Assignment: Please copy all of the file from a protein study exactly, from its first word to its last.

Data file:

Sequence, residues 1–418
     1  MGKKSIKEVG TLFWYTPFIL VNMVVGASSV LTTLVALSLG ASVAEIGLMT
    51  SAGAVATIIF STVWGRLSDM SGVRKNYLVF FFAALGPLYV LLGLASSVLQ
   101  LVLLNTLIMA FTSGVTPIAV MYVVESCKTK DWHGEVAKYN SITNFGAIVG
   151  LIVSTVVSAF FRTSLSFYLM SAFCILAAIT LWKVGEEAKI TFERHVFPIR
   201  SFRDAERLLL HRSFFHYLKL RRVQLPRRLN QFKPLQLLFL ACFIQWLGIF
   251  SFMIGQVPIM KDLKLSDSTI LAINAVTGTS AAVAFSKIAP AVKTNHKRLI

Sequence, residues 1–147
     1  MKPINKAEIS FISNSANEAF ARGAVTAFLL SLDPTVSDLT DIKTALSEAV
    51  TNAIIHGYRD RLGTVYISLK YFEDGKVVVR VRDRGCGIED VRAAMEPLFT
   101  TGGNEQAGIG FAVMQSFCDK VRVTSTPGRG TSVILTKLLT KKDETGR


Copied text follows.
Sequence, residues 1–418
     1  MGKKSIKEVG TLFWYTPFIL VNMVVGASSV LTTLVALSLG ASVAEIGLMT
    51  SAGAVATIIF STVWGRLSDM SGVRKNYLVF FFAALGPLYV LLGLASSVLQ
   101  LVLLNTLIMA FTSGVTPIAV MYVVESCKTK DWHGEVAKYN SITNFGAIVG
   151  LIVSTVVSAF FRTSLSFYLM SAFCILAAIT LWKVGEEAKI TFERHVFPIR
   201  SFRDAERLLL HRSFFHYLKL RRVQLPRRLN QFKPLQLLFL ACFIQWLGIF
   251  SFMIGQVPIM KDLKLSDSTI LAINAVTGTS AAVAFSKIAP AVKTNHKRLI

Sequence, residues 1–147
     1  MKPINKAEIS FISNSANEAF ARGAVTAFLL SLDPTVSDLT DIKTALSEAV
    51  TNAIIHGYRD RLGTVYISLK YFEDGKVVVR VRDRGCGIED VRAAMEPLFT
   101  TGGNEQAGIG FAVMQSFCDK VRVTSTPGRG TSVILTKLLT KKDETGR